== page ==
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Serbia - between Geopolitics and the European System of Values

Published on , , Twitter: @AdelinaMarini

Had the EU-Russia relations not deteriorated because of the annexation of the Ukrainian peninsula Crimea and the proxy war Russia is leading in eastern Ukraine, hardly the relations of any EU member state or a candidate for EU membership would have been raised as an issue. The situation now, however, raises the question with a growing weight and in the context of a civilisational choice - if you are with Russia you cannot be with the EU and vice versa. That it is a matter of civilisational choice was hinted by the member states which inserted in the negotiations with Serbia the condition that it "aligns" as fast as possible its foreign and security policy with that of the Union. This means, for starters, to impose sanctions against Russia. As euinside wrote, this has proved the greatest stumbling block for the starting of real accession negotiations by opening the first chapters, which was expected in the end of last year but, according to negotiations Commissioner Johannes Hahn, the first chapters can be opened in the end of this year. EU does not commit to a specific date.

This week the European Parliament has voted a resolution on Serbia's progress in which it calls on the country to invest stronger efforts in aligning its foreign and security policy with that of the EU, including toward Russia. The Parliament expresses regret that this had not happened so far despite the invitations by the Council. The text on Russia in the European Parliament resolution, voted with great majority of the MEPs on Wednesday (11 March), reflects the controversial views expressed during the debate before the voting (10 March), as, apart from the sharp tone mentioned above, it also recognises that Serbia has traditionally strong "economic, social and cultural ties" with Russia and expresses confidence that Serbia could play a key role in the relations between EU and Russia.

The question what should Serbia's approach toward Russia be caused heated disputes among the MEPs. British member James Carver from the Europe of Freedom and Direct Democracy group, a member of the UK Independence Party of Nigel Farage, attacked the EU saying that its "imperialistic expansion toward former Yugoslavia" forgets to take into account the very close relations between Serbia and Russia, based on many common grounds, including cultural and orthodox Christian. This evoked a sharp reaction by Romanian MEP Emilian Pavel (Socialists & Democrats), who asked if Romania too, which is an orthodox Christian country, should accept everything coming from Russia. Polish MEP Kazimierz Michał Ujazdowski from the European Conservatives and Reformists group said that if the EU does not open its doors to Serbia, if it does not speak to it, the country will pass into the influence zone of Russia. He regretted that Nigel Farage's party again spoke with Russia's voice. "We should speak with the voice of European unity and solidarity", he reminded.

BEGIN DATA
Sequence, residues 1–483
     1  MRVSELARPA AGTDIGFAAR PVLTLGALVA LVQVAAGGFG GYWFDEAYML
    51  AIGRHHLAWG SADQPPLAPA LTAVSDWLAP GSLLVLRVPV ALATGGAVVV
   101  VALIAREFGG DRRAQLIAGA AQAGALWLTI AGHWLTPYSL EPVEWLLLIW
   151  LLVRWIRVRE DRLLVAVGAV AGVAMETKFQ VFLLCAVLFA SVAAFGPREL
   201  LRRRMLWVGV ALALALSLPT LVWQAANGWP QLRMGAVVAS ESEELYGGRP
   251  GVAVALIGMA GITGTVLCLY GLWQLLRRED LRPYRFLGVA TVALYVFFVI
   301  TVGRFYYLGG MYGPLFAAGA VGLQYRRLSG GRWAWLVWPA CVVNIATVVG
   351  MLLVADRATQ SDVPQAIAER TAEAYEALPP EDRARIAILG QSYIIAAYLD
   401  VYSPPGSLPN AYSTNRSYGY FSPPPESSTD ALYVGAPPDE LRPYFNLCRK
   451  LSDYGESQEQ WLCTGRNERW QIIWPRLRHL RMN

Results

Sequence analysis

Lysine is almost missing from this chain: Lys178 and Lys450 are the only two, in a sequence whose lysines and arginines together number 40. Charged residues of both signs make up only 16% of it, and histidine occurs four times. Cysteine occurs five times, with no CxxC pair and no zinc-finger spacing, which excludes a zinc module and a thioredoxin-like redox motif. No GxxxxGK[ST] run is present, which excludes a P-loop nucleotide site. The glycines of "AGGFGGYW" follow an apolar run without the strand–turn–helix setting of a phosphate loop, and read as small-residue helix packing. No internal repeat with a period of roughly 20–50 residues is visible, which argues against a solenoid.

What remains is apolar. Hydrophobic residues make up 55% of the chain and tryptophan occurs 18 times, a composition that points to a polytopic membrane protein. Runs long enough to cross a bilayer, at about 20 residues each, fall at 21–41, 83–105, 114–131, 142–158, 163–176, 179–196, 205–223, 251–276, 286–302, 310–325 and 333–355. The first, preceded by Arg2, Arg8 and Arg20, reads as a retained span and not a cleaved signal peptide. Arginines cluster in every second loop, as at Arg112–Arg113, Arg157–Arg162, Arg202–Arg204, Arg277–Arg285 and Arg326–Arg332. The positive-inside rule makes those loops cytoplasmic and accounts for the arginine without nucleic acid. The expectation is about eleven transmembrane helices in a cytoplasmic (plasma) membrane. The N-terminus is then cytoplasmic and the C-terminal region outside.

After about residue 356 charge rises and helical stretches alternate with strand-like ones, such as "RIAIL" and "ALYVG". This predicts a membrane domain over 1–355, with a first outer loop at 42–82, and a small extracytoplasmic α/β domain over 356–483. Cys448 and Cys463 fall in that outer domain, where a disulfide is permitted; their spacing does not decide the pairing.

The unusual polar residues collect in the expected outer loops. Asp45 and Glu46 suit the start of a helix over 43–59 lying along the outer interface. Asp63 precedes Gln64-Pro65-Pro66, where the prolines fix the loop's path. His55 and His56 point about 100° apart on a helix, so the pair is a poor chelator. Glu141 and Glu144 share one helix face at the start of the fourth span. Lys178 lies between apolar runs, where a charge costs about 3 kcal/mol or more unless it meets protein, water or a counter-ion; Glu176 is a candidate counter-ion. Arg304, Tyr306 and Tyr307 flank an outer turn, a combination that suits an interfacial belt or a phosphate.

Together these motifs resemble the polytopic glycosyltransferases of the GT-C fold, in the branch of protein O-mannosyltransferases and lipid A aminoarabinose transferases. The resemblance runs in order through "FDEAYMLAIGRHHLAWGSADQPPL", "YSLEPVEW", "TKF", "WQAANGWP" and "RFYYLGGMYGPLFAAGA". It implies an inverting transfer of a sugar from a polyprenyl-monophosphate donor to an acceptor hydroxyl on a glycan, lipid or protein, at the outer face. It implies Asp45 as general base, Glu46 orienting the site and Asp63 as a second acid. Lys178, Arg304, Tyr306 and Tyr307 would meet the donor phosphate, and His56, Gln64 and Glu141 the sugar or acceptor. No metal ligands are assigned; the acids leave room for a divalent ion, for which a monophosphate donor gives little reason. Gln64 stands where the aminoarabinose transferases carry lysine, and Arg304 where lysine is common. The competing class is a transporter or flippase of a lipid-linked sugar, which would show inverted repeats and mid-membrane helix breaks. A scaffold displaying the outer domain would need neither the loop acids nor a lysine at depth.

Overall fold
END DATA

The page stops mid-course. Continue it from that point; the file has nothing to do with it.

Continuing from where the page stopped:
That it is about a civilisational choice spoke Lithuanian MEP Gabrielius Landsbergis (EPP). "Whenever we are talking about EU partner states we cannot avoid mentioning that countries have to choose between liberal democracy or authoritarian anti-liberal regime. There's a clear divide between the values system of Europe, that is based on international law, obligations based on democratic values, and the other system that is currently ruining the European post-war peace order. I, personally, don't believe that it is possible to choose more than one system, to follow more than one road. Serbia still raises lots of questions which path it chooses to be on. Decision not to support EU sanctions to Russia is more than just a pragmatic choice. It is a statement. At this moment, countries from the Eastern Partnership, like Ukraine, show more political will and eagerness to get closer to the EU than those countries who consider themselves at the EU doorstep. Therefore, I urge the Serbian government to clearly decide which road it wants to take since it's not possible to have it both ways", the 33-year old Lithuanian MEP said.